Senior executives are worried about what the crisis and subsequent downturn mean. While the concern is understandable, leaders must remember that downturns can be a great time to grow. The challenge is not just to get through this period but to survive. It must be done in such a way that you can reset in order to thrive. That depends on the decisions you have to take now. Many of the right ones may not be the obvious ones either.
To be sure, you’ll have to do the basics. Which are mostly about making sure you have enough cash on hand to stay in business. The playbooks for that don’t need rehearsing here. But pretty quickly, you’re going to have start making decisions about your people — and that’s when things really get strategic. Your people decisions will fall into four categories:
Your first step (once you’re sure you can actually stay afloat) is to look at which parts of the business (plants, lines, people) can be quickly repurposed. Why is this strategic? Thinking about what else your people can do in a crisis opens your eyes to possible strategic adjacencies and partnerships for after the crisis.
Start by thinking about what your country or community might need to help them get through the crisis. In the U.K., Formula One teams are switching plants to making ventilators. In France, perfume giant LVMH is re-purposing to making hand sanitizer. In the US, Tito’s vodka is repurposing to making hand sanitizer and giving it away for free. Companies with home sewing networks are turning them to making masks.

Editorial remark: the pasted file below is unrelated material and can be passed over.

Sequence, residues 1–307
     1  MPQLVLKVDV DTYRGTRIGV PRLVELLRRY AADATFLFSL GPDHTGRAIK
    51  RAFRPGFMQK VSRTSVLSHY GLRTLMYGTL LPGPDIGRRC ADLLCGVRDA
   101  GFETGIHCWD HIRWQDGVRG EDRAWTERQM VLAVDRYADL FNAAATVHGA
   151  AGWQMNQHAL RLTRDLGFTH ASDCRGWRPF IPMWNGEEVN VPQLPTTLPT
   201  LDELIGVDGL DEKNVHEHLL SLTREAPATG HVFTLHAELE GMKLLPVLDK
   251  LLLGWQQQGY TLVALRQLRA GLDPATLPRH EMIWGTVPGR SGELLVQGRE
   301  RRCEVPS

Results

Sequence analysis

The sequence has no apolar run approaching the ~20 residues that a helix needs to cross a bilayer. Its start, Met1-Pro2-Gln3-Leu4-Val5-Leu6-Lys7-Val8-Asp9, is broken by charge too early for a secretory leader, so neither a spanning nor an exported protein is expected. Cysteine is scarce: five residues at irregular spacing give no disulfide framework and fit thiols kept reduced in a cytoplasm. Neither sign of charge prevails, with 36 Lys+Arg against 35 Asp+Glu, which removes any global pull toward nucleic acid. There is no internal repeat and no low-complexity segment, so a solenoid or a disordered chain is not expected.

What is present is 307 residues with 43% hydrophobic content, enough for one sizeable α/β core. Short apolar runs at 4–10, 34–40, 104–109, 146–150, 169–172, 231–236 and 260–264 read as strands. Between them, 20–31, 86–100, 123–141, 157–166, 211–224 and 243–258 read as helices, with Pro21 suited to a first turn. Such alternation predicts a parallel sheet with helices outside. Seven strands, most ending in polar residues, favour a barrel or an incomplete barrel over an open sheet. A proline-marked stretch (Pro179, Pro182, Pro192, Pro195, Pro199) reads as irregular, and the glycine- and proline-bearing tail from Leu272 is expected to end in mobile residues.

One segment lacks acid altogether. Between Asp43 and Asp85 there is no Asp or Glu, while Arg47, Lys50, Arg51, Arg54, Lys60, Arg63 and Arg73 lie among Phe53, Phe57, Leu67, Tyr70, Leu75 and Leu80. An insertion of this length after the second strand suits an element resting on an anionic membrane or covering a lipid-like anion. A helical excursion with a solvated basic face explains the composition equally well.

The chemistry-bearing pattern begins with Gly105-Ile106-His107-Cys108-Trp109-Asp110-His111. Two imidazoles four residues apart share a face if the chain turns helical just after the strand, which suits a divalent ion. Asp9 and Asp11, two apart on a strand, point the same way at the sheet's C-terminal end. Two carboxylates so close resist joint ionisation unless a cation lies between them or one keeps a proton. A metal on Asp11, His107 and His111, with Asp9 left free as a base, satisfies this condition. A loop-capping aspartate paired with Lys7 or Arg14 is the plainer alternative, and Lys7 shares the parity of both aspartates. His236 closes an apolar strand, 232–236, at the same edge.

Repurposing can also take the form of borrowing and lending your people. If you run a chain that has been forced to close shops, can your employees work temporarily in another company? One fast-fashion retailer in the U.K. is allocating 5,000 employees they would otherwise have to have furloughed to a grocery store.
Do you have delivery drivers who used to deliver supplies who could instead deliver products for other companies? Ask yourself if you should be on the sending or receiving end of employee borrowing, and if so, with whom?
No prizes for guessing why this is strategically important. Part of getting through the survival phase is bringing your employees along with you. Ensure there is clear, consistent communication and frequent check-ins. This communication should be for wellbeing and updates. Not micromanagement, not everyone can work an eight-hour day while home-schooling elementary children.
How this is managed depends on the state your business is in right now. Constant and frantic (food delivery, grocery, collaboration software); paused and possibly panicky (leisure and hospitality); or significantly slowed down but otherwise functioning (many industries right now). If you have a mix of these situations, make sure your communications are consistent, but also tailored to each group.
West Coast Careers advises nominating one person to “own” the employee pulse during the next three to six months. Employee engagement and well-being needs to be in one person’s hands. In larger companies, there should be someone for each business unit.
Preferably that person should not be the CEO. They will likely become just one more thing on the list that will get skipped. The company cannot afford for that to happen right now. And do not default to your head of HR. Look for someone that people feel can empathize with them and who has credibility.
As CEO, check-in multiple times a week with your pulse owner. Try to get a sense of how the employees are doing. Address any issues escalated to you and make sure that people know exactly how you’ve acted on them.